We didn’t do a long camping tip in 2019 but did several shorter
trips. First up was a trip to southern California in March
The Route: Blue is south bound and green north bound. Red stars are southbound stopping points and black stars are northbound.
As might be expected on the Oregon coast in early spring, we had dark clouds, light clouds, some rain, and some
sunshine. Both of these pictures were taken on our first day. The campground is Nehalem Bay State Park
On the second day we stopped in Newport for some really good clam chowder at Georgie’s Beachside Grill and then
continued on down 101 stopping for the night at Sunset Bay State Park. The campground wasn’t particularly memorable
and it was heavily overcast that evening so we didn’t see the sunset. However, in the morning we got this picture of the
A short day mileage-wise turned a bit longer with a bit of detour because
the highway was closed due to a landslide dropping a bunch of the
pavement. But, we persevered and found Jedidiah Smith State Park. We
had a great spot that backed up to the Smith River.
We continued on down 101 to Leggett and picked up California Highway 1
there. We spent the night in a commercial park on the north side of
Westport which is just south of where Highway 1 leaves the coast. We were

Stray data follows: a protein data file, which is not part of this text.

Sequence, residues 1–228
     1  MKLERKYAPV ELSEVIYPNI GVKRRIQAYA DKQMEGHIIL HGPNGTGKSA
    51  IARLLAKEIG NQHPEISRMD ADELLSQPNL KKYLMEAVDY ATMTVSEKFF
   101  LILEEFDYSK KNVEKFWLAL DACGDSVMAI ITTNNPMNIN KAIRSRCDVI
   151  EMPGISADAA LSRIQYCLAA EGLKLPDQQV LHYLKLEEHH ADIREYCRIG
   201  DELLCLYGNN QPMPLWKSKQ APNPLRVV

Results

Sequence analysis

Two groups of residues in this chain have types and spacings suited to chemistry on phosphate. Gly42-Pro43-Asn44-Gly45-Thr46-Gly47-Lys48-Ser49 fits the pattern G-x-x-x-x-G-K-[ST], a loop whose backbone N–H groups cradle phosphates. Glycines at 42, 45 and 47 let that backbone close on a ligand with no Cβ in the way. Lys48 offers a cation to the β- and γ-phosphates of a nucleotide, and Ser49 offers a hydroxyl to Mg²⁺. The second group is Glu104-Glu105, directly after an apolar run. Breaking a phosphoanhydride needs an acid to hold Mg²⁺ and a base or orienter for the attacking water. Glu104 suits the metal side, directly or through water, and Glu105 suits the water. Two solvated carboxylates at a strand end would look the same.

parked just over a dune from the ocean and saw this nice sunset.
These two pictures were taken from pretty
much the same place on Highway 1, about 50
miles north of San Francisco. The one on the
right was taken in June of 1997. The one on
the left on this trip.
The next two camp spots didn’t get a picture, Half Moon Bay State Park is a nice campground, close to the ocean but it was windy and rainy and the camera
didn’t come out. After that we went to Monterey and camped at the Navy campground which is not photogenic but the price is right. After Monterey we
intended to go down the more famous part of Highway 1, south of Big Sur but a landslide had closed the highway so we shifted east and went Pinnacles
There were a lot of wild turkeys in the
campground at Pinnacles National Park.
In the center of this picture are the
pinnacles the park is named for. A long time
ago a branch of the San Andreas fault ran
through a volcano. These pinnacles are the
left half of that volcano. The remains of the
right half are some 200 miles to the south.